Earlier today, news broke that Vernita Lee, Oprah Winfrey's mother, passed away on Thanksgiving day. By the time the rest of the world found out Monday morning, a private funeral service had already been held for Lee, and a place to make donations in her name was set up. Her passing was handled with the utmost amount of privacy, despite the omnipresent fame of her eldest daughter, shrouding her death in the same mystery that engulfed her life. The relationship between Oprah and her mother is complex, but their story has evolved throughout Oprah’s life in a way that is simultaneously beautiful, reminding us all that it’s never too late to make things right.
It’s hard to imagine that Oprah even has a mom. She's Oprah! As a celebrity and mogul in her field, she feels much like her character in A Wrinkle in Time, a wondrous deity who just… exists. But just like the rest of us, she has an origin story, one that begins with Lee as a teenage mother in Mississippi. Shortly after giving birth to Winfrey, Lee migrated north to Milwaukee, WI where she worked as a maid, leaving Oprah in the care of her maternal grandmother. It was Winfrey’s grandmother who taught her how to read, encouraged her to speak publicly, and built her self-esteem.
When Lee and Winfrey reunited in Milwaukee when Oprah was 6, it was just the beginning of a tumultuous road. Lee had another daughter and found it hard to care for both of her children with her wages as a maid. She sent a young Oprah to live in Nashville, TN with her father Vernon Winfrey. Oprah returned to her mother once again, but this time she was a rebellious teenager, lying and stealing for Lee — who had given birth to three more children, one of whom she gave up for adoption. Oprah ran away from home, gave birth to a baby of her own at the age of 14 (the infant died shortly after he was born), and was sent to live with her father for good while in high school.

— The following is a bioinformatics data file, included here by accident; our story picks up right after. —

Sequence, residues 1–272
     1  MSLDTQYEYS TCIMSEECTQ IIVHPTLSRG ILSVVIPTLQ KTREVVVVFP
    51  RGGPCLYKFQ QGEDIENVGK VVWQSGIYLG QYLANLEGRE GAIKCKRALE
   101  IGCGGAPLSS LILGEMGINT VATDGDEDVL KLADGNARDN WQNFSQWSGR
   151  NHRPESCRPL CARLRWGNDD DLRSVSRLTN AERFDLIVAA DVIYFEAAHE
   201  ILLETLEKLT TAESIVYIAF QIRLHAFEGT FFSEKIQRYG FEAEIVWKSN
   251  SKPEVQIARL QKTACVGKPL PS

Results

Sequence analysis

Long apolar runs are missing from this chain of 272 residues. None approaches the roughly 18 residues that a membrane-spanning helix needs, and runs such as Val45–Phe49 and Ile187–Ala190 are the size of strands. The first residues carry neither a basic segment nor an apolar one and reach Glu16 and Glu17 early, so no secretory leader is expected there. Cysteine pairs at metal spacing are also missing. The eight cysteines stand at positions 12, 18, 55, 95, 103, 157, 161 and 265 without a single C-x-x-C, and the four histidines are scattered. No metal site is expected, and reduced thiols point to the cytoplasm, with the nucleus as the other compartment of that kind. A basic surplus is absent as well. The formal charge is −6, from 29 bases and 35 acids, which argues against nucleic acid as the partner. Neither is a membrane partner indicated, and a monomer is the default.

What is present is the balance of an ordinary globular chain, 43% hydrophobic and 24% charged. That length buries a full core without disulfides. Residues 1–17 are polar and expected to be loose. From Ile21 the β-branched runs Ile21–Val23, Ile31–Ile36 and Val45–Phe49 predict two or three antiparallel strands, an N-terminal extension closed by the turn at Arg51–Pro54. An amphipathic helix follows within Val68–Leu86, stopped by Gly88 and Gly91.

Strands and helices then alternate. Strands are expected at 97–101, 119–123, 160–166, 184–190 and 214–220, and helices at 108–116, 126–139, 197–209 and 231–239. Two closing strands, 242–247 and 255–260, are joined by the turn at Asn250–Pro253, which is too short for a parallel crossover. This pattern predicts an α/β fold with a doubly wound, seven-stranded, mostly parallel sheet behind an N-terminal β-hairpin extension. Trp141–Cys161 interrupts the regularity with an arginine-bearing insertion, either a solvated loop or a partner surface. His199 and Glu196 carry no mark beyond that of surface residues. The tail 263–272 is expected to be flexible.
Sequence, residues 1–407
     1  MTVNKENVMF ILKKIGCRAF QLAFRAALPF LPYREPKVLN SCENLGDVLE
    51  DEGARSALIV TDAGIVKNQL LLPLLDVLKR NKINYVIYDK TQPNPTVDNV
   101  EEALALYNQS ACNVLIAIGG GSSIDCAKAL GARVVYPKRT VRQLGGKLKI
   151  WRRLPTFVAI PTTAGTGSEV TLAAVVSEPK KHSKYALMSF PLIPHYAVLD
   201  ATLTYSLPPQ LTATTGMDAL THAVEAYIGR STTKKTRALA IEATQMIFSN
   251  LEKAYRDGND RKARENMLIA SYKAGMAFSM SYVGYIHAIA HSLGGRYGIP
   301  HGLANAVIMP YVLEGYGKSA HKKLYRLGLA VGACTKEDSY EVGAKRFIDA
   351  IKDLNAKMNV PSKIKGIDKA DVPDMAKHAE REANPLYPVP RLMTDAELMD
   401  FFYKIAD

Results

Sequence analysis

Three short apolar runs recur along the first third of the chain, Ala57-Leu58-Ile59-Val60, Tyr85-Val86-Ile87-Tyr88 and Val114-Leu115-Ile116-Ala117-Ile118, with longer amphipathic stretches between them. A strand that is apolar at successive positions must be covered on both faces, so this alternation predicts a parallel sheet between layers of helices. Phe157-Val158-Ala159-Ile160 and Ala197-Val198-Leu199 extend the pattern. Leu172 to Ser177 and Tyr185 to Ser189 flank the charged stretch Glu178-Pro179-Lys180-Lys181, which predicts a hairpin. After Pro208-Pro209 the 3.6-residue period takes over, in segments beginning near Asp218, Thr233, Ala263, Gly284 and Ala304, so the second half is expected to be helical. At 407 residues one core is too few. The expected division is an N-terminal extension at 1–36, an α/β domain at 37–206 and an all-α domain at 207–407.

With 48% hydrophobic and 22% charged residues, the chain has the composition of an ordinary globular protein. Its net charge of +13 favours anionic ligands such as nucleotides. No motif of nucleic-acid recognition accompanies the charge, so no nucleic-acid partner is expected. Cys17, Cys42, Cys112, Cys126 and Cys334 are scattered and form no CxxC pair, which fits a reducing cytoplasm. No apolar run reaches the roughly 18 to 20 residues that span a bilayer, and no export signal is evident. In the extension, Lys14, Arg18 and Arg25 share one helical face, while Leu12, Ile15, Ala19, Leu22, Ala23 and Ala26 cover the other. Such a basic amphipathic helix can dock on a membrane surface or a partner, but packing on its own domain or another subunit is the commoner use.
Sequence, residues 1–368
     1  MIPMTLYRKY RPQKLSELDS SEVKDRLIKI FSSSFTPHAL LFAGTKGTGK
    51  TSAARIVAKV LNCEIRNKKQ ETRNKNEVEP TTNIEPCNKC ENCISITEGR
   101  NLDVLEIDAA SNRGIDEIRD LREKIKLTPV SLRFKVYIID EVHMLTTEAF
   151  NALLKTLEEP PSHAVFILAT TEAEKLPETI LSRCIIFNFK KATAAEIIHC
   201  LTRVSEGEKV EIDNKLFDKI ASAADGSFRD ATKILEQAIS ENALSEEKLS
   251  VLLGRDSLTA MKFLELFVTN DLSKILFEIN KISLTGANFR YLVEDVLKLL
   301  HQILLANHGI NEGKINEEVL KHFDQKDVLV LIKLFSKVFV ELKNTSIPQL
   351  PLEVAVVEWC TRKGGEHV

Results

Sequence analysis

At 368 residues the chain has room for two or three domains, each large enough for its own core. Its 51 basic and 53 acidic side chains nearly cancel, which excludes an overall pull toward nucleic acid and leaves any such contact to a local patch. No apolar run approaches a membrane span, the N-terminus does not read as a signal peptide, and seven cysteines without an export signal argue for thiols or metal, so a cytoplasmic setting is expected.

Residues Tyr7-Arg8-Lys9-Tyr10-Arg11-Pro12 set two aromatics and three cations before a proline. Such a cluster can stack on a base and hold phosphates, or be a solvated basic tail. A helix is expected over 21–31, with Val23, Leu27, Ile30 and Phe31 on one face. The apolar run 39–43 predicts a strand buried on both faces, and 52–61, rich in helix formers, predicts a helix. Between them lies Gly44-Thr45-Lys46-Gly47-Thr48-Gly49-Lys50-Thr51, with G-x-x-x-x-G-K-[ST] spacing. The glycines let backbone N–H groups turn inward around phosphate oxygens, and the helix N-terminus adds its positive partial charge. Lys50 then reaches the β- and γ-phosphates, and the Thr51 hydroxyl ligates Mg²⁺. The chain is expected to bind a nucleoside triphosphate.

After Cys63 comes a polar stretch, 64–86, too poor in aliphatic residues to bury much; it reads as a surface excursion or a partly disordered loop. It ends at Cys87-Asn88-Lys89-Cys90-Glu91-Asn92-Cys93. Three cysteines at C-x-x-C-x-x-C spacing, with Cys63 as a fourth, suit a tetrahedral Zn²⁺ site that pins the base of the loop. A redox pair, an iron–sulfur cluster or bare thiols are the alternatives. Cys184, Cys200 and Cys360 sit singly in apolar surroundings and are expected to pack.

Oprah has spoken publicly about her upbringing, and on the subject of Lee, she’s shared that she never wanted to be a mother because she wasn’t “mothered well.” She credits her grandmother for shaping her early developmental needs and her father figure for encouraging her to pursue her education and a career in media. The cultural and lifestyle differences between the two women also likely grew as Oprah's career blossomed
But however fraught their relationship was, the two of them found their way back to each other and reconciled in the best way that they each knew how. In the early ‘90s, Lee was a guest on Oprah’s show and received a makeover from one of her assistants. The former housemaid was dealing with the death of her only son at the time and would later lose another daughter. Meanwhile, Lee’s now-grown daughter helped her retire after The Oprah Winfrey Show became successful.
Let the story of Oprah and her mom be a reminder that what may come of a reconciliation might not look familiar under traditional family dynamics. But when it’s all said and done, finding a way to love someone else despite the bumps in the road is all that matters. Plus, if you’re like Oprah, tradition isn’t your thing anyway. May Ms. Lee rest in peace.